The Hoarder, by Jess Kidd.
Irishwoman Maude Drennan is temping for a company that provides home help for the well-off in London’s West End; currently, she is employed as a ‘caregiver’ to another countryman, Cathal Flood, an ancient recluse and hoarder whose property is so full of rats and rubbish that the local Council consider it and him a health hazard. They want to put him into ‘Assisted Living’ which, according to Cathal, would be worse than dying. Fair enough, but Cathal does nothing to endear himself to Maud, a potential ally; instead he does everything he can to make himself disagreeable – and so does the house! Taps turn on and flood everything just after she has cleaned it; the kettle regularly boils itself dry and the pantry is always emptying its newly clean shelves. What to do? For with every inexplicable mishap that Maud must rectify, a fresh clue to the house’s past occupants reveals itself: the house is trying to tell her something, and gets angry when Maud is not clever enough to read the signs.
Maud’s home-life isn’t all hunky-dory either: her downstairs neighbour, a majestic transvestite called Renata with whom she drinks another neighbour’s questionable home-made hooch every night, is a lover of detective yarns and is fascinated by Maud’s tales of the house and its caprices (not to mention Cathal and his acres of garbage); Renata has a list of things that Maude should do to solve the various mysteries – unfortunately, she can’t assist because Agoraphobia has made her a prisoner in her maisonette for many years. Her resentful sister (‘she’s just jealous because I stole all her boyfriends off her!’) does her shopping, in between fights involving door-slamming and vowing never to return, but Renata is a prisoner of her fears. Solving the mystery – and a couple of probable murders will be Maud’s responsibility entirely, which is very hard, for she has secrets of her own that don’t bear close scrutiny, such as the several saints (all from her Granny’s Book of Saints that Maud loved as a child) that tiresomely dog her footsteps: who knows which – or all – of them will be following her down the street, whether she wants their company or not!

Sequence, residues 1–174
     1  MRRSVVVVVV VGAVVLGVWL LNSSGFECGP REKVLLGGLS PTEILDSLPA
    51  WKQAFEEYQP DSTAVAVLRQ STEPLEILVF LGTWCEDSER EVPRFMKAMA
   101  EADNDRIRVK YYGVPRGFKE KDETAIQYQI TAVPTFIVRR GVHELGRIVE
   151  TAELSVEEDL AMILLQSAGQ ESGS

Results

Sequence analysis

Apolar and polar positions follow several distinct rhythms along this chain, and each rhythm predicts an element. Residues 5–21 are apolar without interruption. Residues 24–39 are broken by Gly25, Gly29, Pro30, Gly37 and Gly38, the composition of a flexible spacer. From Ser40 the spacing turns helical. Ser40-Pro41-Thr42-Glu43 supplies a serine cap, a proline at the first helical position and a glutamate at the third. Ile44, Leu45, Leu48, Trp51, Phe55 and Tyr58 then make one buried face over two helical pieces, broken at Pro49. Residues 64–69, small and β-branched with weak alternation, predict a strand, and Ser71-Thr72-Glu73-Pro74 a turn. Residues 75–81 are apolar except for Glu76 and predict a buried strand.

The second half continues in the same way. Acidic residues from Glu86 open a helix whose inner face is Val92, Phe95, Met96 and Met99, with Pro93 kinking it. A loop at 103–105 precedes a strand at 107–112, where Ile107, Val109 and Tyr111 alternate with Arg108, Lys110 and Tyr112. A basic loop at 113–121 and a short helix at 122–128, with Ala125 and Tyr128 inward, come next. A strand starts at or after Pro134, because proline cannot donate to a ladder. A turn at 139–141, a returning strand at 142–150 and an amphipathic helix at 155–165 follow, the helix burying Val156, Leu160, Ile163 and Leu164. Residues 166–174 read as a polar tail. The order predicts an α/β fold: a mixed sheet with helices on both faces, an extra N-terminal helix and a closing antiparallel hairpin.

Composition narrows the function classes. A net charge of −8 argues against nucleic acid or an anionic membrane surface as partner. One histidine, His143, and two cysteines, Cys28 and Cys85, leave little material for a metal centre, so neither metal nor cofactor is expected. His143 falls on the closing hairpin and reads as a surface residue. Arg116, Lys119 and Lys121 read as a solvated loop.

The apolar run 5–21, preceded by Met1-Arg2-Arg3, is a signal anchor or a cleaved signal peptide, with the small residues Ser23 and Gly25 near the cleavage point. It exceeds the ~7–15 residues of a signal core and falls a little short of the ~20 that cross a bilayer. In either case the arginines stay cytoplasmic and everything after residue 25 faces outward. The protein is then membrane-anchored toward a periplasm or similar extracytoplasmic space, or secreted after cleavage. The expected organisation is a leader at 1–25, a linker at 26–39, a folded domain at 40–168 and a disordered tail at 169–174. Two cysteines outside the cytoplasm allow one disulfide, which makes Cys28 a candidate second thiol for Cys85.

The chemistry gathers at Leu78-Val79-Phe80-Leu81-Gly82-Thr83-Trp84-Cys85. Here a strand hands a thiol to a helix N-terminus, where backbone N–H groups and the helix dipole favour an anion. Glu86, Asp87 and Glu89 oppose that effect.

Ms Kidd’s singular characters are all beautifully larger than life, and an added bonus is that unique brand of humour that can only be Irish, not to mention the swear-words: there are enough gobshites and feckers in this book to float a boat. Fair play to you Ms Kidd! SIX STARS.